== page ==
For the past several years, a group of DC law schools has collaborated to organize DC Alternative Spring Break. This initiative allows students to do meaningful work with legal service providers in their own backyard while meeting peers from nearby schools who care about the same issues. This spring, students volunteered at Amara Legal Center, Capital Area Immigrant Rights (CAIR) Coalition, the D.C. Bar Landlord Tenant Resource Center, Mid-Atlantic Innocence Project (MAIP), The Veterans Consortium Pro Bono Program, and Washington Legal Clinic for the Homeless. Work included legal research, conducting intake, and engaging in outreach about legal rights.
For the law school pro bono coordinators, DC Alternative Spring Break is a great way to streamline efforts to connect interested students with needed pro bono work. Because the law school spring breaks don’t always align – this year they spanned two weeks – each pro bono coordinator from the respective schools seeks out opportunities that fall within either or both weeks. They then use a shared calendar and other online tools to place students from participating schools at the various local organizations.
The result is terrific: students are able to volunteer alongside counterparts from other institutions, and providers have the benefit of engaged volunteers. "The four DC law schools really work well together in this effort. We couldn't have done it without each other. Jen at GU brings the wisdom and connections of being plugged into the DC public interest community. Angie at AU brings a tech savviness that allows four schools to register for projects simultaneously, and Kiva at Catholic brings fresh energy, which is badly needed to keep such a project going annually. As for me, I just try to stay out of the way and not mess things up. It's genuinely nice - for our own careers and for our students - to have a community like this." - David Johnson, Assistant Dean for Pro Bono & Advocacy Programs, The George Washington University Law School.
The legal service providers also appreciate coordinating with a single point of contact, not to mention the opportunity to both work with and inspire committed students. “The Veterans Consortium Pro Bono Program was honored to participate for the third year with the Alternative Spring Break program for D.C. area law students. It is remarkable that there are law students willing to do pro bono work during their spring break and it shows with the caliber of students we have worked with since joining the program. We look forward to participating again next year as mission partners to provide veterans and their families, caregivers, and survivors the best legal services, free of charge, to meet their challenges!” – Samantha Stiltner, Attorney & Program Manager with The Veterans Consortium Pro Bono Program.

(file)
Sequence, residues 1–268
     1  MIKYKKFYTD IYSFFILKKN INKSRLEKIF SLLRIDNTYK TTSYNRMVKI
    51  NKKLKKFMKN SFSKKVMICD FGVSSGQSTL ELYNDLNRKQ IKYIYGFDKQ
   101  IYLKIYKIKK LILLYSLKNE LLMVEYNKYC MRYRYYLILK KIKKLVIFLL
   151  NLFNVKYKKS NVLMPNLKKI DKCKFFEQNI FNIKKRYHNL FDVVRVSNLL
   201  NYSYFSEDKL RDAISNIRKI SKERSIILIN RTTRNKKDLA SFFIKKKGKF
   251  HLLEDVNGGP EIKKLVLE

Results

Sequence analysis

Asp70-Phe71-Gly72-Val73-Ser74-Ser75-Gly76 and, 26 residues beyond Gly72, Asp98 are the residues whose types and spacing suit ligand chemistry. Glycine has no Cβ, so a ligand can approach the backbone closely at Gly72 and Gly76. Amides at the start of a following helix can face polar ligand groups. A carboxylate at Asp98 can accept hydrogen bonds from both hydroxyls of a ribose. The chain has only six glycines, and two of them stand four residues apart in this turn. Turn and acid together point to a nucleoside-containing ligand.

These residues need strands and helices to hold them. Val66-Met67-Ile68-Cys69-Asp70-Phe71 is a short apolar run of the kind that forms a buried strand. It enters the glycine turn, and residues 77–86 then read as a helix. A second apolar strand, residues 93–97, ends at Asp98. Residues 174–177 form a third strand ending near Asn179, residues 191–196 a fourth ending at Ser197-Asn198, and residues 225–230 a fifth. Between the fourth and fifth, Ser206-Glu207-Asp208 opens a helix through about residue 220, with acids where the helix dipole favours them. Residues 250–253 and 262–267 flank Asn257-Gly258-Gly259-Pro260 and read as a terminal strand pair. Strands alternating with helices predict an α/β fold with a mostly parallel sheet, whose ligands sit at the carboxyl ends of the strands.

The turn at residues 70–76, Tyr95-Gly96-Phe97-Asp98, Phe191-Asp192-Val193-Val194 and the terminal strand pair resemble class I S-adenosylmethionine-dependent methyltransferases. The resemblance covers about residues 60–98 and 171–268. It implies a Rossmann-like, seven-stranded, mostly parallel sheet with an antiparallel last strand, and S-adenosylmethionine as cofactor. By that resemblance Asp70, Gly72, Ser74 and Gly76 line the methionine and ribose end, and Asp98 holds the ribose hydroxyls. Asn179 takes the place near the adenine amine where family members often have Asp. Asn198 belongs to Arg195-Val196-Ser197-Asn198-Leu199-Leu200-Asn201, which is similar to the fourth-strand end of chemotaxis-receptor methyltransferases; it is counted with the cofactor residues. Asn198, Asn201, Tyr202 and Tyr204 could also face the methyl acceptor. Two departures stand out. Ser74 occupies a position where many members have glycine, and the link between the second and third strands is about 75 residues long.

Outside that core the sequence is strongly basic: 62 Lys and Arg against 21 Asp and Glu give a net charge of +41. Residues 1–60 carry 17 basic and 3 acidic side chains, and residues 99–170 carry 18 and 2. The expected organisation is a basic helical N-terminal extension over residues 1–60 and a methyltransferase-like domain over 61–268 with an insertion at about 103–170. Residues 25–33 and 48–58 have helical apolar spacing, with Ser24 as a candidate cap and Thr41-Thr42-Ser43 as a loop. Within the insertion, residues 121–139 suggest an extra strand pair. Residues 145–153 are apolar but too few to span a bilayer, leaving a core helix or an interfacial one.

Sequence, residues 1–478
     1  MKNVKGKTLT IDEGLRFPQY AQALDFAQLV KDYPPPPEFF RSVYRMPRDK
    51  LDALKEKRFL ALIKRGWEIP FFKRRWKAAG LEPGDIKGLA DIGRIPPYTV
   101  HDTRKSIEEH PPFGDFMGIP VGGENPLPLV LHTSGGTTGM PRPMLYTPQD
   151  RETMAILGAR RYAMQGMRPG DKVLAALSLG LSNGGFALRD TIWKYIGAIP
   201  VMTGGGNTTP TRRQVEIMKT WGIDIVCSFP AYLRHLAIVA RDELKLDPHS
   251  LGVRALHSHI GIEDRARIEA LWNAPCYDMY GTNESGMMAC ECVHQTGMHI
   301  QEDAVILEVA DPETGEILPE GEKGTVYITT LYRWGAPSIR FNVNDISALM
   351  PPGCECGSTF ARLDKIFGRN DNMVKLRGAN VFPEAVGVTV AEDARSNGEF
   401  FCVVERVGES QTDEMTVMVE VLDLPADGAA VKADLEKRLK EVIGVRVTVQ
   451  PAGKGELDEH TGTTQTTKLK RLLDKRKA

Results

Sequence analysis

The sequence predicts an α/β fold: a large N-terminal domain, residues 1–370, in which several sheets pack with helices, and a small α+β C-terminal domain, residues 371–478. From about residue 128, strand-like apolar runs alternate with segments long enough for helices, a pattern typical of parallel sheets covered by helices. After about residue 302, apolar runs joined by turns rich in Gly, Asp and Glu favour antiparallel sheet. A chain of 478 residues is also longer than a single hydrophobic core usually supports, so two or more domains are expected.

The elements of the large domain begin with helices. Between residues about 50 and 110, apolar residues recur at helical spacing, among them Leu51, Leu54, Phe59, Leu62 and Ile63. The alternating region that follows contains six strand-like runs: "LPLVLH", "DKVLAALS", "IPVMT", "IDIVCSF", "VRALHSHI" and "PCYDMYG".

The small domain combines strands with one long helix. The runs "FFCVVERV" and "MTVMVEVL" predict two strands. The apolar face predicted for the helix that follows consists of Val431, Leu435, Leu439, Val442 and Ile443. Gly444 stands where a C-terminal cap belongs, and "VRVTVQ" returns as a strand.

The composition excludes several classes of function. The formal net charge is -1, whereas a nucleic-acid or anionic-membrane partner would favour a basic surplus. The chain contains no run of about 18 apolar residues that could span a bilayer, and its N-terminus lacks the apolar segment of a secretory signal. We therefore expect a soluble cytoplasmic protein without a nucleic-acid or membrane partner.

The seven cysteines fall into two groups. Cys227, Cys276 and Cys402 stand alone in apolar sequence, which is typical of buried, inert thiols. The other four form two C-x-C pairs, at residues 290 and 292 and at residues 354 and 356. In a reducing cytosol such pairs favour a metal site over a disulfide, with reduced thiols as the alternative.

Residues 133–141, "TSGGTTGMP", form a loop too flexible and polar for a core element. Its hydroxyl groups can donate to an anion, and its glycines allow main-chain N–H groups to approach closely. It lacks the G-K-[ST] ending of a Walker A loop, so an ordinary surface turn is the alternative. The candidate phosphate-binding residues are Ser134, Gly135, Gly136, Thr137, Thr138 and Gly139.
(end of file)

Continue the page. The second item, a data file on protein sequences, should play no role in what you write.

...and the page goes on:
Reports from the students this year similarly demonstrate that DC Alternative Spring Break continues to be a win-win-win experience for all!
“The Mid-Atlantic Innocence Project works to prevent and correct the conviction of innocent people in D.C., Maryland, and Virginia. I worked on a team with two students from Georgetown Law Center to review a case that was previously closed. After a week of research and thorough review of the case file we gave a presentation to the board of MAIP on the case and recommended that they re-open the case.” - Ahad Khilji, 3L at The Catholic University of America, Columbus School of Law
“I came to law school to make an impact and help people, and my time with the Landlord Tenant Resource Center let me do both! It was a great chance to get off campus and do some good. I'd recommend it to any who want to experience working with clients and build their network by meeting local practitioners.” - Max Crema, 2L at Georgetown Law
“For Spring Break, I volunteered with Capital Area Immigrants’ Rights (CAIR) Coalition. I want to work in immigration and I have no experience in the field, so I thought I should get some exposure before the summer… [A]s a complete newbie, I didn’t expect to be entrusted with anything important. I was wrong…I translated documents for a brief, took calls from people in immigration detention, did background research on country conditions, summarized legal documents from a client’s former lawyer, and researched case history on the definition of “competence” for a hearing in the Fourth Circuit. The staff showed real appreciation for the efforts of all the volunteers and even gave us thank you notes at the end of the week, while in many ways we should have been thanking them.” - Nathan Sbar, 1L at American University Washington College of Law
Thank you for following our Spring Break Highlights Series! Check back next week for additional features on the great work being done by law school's during Spring Break 2019!